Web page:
However, keep in mind that too much exercise can be as harmful as inadequate exercise. For this reason, try not to overwork your dog during physical activity. Cease any physical activity if you notice your dog getting tired.   

Start Supplements Early 

It can be a challenge to meet all the nutrient targets of a dog, particularly a large one like a German Shepherd. This is where supplements come in. Supplements for joint health can be grouped into two: natural supplements and nutritional supplements. 

Nutritional supplements are the common nutrient supplements like vitamin D and calcium. Natural supplements are made from natural foods in nature that contain high amounts of nutrients and compounds that support hip joint health. Some of the best natural supplements that can help your dog’s chances with hip dysplasia are reviewed below. 


Glucosamine is a sugar amino acid that is a key component in connective tissue and cartilage. Cartilage is the soft rubbery tissue that surrounds bones at the joint to prevent them from rubbing against each other.

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Just like glucosamine, chondroitin is also a component of cartilage and connective tissue. It is used in the treatment of joint diseases like osteoarthritis and hip dysplasia. 

Supplementation of chondroitin and glucosamine may increase the production of collagen reducing the friction between the femur and hip bone.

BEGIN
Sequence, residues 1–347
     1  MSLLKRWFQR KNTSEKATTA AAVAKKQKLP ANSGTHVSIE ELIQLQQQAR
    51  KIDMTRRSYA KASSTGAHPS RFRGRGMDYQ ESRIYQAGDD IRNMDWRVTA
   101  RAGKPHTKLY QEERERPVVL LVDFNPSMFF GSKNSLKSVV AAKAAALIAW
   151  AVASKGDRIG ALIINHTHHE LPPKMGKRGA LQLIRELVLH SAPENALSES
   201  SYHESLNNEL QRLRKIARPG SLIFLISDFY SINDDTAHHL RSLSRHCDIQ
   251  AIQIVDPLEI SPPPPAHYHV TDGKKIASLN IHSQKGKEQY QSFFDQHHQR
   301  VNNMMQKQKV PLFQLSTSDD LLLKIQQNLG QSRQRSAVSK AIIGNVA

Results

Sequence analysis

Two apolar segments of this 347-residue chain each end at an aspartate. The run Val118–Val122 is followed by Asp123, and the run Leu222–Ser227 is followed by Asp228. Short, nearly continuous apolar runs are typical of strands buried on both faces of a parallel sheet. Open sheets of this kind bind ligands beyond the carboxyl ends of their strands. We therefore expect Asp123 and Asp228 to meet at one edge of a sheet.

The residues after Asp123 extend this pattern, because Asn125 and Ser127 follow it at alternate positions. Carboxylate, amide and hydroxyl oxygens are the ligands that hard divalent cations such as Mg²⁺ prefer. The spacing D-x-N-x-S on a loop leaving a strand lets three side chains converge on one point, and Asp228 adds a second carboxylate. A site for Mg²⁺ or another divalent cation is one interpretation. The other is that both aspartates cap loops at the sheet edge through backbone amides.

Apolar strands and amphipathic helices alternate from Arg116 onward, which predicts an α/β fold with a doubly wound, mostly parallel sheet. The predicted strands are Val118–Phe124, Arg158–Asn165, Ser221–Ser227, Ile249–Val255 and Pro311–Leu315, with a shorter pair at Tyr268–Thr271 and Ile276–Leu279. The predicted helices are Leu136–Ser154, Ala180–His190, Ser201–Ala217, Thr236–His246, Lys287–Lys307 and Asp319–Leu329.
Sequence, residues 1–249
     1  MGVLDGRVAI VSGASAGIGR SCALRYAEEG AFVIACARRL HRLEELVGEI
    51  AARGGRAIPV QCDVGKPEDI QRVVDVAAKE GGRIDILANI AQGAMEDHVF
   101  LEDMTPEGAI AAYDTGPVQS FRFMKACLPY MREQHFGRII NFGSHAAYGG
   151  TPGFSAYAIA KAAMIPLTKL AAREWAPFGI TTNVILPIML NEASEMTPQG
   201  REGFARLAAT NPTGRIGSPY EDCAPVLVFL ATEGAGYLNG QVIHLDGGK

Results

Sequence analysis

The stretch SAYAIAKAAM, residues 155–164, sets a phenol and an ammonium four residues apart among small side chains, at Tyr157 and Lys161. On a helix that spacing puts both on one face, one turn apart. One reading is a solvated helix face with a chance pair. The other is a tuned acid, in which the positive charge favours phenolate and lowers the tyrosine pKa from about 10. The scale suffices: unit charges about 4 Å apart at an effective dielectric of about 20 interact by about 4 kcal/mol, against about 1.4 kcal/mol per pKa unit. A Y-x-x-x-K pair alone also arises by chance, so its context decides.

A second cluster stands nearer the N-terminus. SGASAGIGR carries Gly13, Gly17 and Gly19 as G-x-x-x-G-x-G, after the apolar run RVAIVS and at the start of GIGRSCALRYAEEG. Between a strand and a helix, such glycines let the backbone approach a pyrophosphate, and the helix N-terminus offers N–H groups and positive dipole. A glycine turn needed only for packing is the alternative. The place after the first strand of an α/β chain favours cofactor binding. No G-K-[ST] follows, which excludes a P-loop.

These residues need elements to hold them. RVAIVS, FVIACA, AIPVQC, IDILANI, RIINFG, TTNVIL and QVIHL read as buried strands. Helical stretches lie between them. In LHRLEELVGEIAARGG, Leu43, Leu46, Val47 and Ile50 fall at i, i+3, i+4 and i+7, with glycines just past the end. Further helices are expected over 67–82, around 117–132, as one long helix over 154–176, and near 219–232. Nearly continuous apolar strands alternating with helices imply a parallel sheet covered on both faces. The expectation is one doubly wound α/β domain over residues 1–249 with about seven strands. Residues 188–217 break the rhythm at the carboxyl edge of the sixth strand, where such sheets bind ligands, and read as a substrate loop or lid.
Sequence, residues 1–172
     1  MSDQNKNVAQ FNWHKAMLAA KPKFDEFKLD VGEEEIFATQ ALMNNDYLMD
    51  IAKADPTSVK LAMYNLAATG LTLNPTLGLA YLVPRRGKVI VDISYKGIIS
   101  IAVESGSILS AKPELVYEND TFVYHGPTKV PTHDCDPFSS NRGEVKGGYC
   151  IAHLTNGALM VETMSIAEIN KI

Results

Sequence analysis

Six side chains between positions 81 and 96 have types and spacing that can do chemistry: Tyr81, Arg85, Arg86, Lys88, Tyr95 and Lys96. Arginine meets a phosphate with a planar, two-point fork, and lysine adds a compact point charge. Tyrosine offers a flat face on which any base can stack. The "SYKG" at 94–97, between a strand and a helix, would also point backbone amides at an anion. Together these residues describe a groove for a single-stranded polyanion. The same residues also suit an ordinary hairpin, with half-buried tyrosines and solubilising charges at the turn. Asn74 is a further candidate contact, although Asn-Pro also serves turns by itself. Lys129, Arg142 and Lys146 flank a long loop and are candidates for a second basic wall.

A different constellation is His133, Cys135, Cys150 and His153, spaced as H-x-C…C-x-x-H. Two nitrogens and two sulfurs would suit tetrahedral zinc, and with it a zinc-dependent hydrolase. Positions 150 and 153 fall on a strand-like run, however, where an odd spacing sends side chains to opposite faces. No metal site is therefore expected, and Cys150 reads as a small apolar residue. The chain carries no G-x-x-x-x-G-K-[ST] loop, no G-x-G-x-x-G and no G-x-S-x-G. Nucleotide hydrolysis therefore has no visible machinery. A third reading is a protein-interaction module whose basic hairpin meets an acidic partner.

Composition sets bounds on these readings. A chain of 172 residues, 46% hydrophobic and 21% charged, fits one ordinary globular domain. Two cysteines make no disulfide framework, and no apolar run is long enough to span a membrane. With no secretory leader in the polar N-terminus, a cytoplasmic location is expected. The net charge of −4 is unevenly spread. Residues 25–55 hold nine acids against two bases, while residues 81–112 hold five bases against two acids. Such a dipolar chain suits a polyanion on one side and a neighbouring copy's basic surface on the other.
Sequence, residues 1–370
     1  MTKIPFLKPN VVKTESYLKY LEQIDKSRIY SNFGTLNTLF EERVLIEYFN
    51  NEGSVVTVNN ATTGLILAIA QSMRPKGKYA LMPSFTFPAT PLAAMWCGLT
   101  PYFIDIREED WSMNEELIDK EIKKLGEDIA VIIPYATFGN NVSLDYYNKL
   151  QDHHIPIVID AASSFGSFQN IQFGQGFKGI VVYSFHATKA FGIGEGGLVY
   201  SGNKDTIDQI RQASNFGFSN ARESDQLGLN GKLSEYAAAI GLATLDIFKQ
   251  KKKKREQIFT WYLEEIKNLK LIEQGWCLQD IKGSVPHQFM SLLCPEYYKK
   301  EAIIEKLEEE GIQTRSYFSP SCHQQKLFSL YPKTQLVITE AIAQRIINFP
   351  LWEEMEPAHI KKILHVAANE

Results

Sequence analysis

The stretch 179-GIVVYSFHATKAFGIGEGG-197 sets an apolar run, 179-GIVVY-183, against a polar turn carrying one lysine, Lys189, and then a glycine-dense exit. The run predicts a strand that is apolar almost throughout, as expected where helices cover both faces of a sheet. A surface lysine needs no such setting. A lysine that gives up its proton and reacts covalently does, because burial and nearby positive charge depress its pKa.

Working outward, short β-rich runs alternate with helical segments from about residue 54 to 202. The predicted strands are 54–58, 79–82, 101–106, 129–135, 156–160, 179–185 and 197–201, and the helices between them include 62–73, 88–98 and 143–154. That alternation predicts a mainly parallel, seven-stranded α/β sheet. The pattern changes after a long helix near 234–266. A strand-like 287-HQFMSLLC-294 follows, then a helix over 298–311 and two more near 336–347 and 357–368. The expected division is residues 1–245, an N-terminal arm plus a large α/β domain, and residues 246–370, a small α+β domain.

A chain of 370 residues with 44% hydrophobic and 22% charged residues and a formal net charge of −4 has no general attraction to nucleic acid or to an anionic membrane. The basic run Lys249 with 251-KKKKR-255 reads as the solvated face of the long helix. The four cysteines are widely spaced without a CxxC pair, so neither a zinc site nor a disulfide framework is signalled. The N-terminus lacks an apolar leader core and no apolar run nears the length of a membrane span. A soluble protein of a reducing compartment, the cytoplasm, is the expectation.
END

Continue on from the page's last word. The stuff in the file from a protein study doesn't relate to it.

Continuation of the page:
It is beneficial to give both glucosamine and chondroitin together as they have a synergistic effect on each other. This means that they boost each other’s effect. 

Methylsulfonylmethane (MSM)

Methylsulfonylmethane (MSM) is a sulfur-containing compound that is used for relieving joint pain. MSM achieves this by reducing inflammation levels at the joint.   

Green-lipped mussels

Green-lipped mussels are a species of mussels that is native to the New Zealand coast. Green Lipped Mussel supplements contain omega-3 fatty acids, vitamins, zinc, copper, iodine, protein, antioxidants, anti-inflammatories, glucosamine, and chondroitin.

Whether your dog is already having joint problems or you just want to protect your dog’s joints, try the Honest Paws Green Lipped Mussel Joint Powder. It is a high-quality joint supplement that contains glucosamine, chondroitin, MSM, green-lipped mussels all in one product to help your dog develop healthy strong joints. 

Mobility - Green Lipped Mussel Joint Powder
  • This bacon popcorn flavored Honest Paws Joint Powder uses a blend of ingredients that focus on all-encompassing joint health and support.
  • It works to maintain joint mobility, improve cartilage development, and enhance overall bone and joint health.
  • Green lipped mussel extract contains a nutrient-rich blend of natural proteins, minerals and omega fatty acids.